Human Resources Kit For Dummies
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Blending contingent workers into your company’s existing workforce requires a certain amount of preparation at the departmental level to make sure that you’re getting the most out of these professionals. Here are some ideas:

  • Brief your staff. You’re inviting trouble if you don’t communicate beforehand to your staff the rationale behind your strategy of engaging contingent workers for a project. Failing to do so can cause trouble on two fronts:

    • It leads to needless confusion or even tension among your full-time employees, who may wonder why the individual has been engaged, what his role is to be, and what may be amiss that caused the need for a contingent worker in the first place.

    • It creates unnecessary pressure for the contingent staff who must work with or near a group of people who are puzzled by his mere presence.

    Instead of merely announcing that a contingent worker has been engaged, involve employees earlier in the staffing process to help you clarify the scope of the department or project team’s workload. This way, the entire workgroup can be clear about the scope and nature of the individual’s engagement, how long the assignment is going to last, and how the situation is going to affect each of them (if at all).

  • Set up a plan. You need to have a clear idea — before the contingent worker arrives — about the scope of the project, when it should be completed and, as appropriate, matters related to quality. Just make sure that your expectations and those of other managers are realistic.

    Also, factor in the reality that even seasoned contingent workers need time to acclimate themselves to a new working environment. Again, other staff members can provide valuable input in clarifying the scope of work and the amount of time it takes to get specific tasks done.

  • Get the workplace ready. Make sure you’ve communicated with the manager to whom the individual will report and arranged an adequate workspace. Materials and supplies the worker needs are already there upon her arrival. Computers have the latest versions of software used by your company, the Internet connection is secure and fast, any necessary logon IDs and passwords are provided, and other details have been addressed.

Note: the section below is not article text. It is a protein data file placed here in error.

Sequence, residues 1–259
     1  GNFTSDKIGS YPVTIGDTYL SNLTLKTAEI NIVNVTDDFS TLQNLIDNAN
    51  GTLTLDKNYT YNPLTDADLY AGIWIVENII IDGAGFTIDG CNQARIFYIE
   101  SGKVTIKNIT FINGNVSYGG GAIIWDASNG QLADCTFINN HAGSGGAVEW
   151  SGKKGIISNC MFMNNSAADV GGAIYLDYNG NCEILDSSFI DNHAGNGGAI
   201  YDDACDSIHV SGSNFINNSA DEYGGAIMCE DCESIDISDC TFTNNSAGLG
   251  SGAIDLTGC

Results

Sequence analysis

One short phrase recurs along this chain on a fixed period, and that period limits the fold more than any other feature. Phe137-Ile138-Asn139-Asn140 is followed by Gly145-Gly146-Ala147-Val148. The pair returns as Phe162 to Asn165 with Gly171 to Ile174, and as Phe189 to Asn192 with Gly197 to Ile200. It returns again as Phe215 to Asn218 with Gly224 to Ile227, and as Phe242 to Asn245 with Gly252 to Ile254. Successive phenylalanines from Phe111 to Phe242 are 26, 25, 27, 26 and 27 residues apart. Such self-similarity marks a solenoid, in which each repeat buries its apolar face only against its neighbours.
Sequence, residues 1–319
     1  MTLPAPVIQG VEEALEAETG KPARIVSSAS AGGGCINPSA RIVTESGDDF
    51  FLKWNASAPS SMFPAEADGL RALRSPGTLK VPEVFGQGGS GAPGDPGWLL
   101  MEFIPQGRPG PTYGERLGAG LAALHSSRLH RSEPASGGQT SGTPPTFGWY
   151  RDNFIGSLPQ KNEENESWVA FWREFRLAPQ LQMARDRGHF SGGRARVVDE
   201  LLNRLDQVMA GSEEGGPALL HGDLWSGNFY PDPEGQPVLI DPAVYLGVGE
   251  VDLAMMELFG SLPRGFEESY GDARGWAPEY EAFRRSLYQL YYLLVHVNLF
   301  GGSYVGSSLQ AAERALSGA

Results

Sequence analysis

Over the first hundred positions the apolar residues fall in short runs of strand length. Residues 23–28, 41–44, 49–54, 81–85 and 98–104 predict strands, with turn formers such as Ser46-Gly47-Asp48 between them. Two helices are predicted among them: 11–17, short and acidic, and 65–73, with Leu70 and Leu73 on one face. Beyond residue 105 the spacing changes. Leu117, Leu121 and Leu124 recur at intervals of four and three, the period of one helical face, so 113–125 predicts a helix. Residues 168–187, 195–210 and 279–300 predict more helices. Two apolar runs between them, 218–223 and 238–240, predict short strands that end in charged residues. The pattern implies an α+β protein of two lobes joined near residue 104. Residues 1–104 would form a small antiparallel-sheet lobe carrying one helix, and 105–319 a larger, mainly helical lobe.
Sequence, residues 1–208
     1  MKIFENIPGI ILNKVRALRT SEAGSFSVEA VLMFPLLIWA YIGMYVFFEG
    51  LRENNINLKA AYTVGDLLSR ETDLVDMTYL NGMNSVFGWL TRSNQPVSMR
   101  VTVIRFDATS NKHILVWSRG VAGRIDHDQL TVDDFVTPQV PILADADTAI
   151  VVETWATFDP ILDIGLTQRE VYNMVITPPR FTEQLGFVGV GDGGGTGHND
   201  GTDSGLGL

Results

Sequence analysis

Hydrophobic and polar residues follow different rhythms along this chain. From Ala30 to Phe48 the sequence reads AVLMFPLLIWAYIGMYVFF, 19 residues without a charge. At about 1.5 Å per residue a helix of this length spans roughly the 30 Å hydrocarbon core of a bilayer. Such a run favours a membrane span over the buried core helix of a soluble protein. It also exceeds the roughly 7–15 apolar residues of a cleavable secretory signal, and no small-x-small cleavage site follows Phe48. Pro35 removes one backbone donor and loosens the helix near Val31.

• Make safety a priority. Be sure to provide appropriate safety and health training, particularly for workers in manufacturing or other non-office settings.

  • Create a friendly atmosphere. The more at home a company can make contingent workers feel, the more productive they’re likely to be. At the very least, make sure that the receptionist has been alerted ahead of time.

    Either you or someone in the department to which the worker has been assigned should conduct a mini-orientation: a quick tour of the immediate work area and location of restrooms, fire exits, lunchroom, vending machines, and any tools that will be needed for the job. Take time to explain lunch-hour policies, security procedures, office protocols, parking, and so on.

  • Be explicit about the tasks. Here’s a general rule: The lengthier and more complex the assignment is, the more time you or a line manager needs to spend on orientation and explaining the nature of the assignment. Putting the instructions in writing is particularly useful.

  • Provide adequate supervision. Make sure that you stay connected with the work of the contingent workers you engage. They’re working under your direction. Check in with line managers and make sure that they’re communicating well with contingent staff. The manager and others within the department should encourage contingent workers to ask questions when they don’t understand something.

  • Intervene early. Let managers on your team know that if they’re not pleased with the quality of a contingent worker’s contributions, they should contact you or the staffing firm immediately.

  • Don’t settle. A reputable staffing firm won’t argue with you if the person who’s been sent to your firm isn’t doing a good job. For everyone’s sake, however, try to be as specific as you can when expressing displeasure. If you do a good job of telling the firm where the individual fell short, you’re more likely to get a suitable replacement.

About This Article

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Max Messmer is chairman and CEO of Robert Half International, the world's largest specialized staffing firm. He is one of the leading experts on human resources and employment issues.

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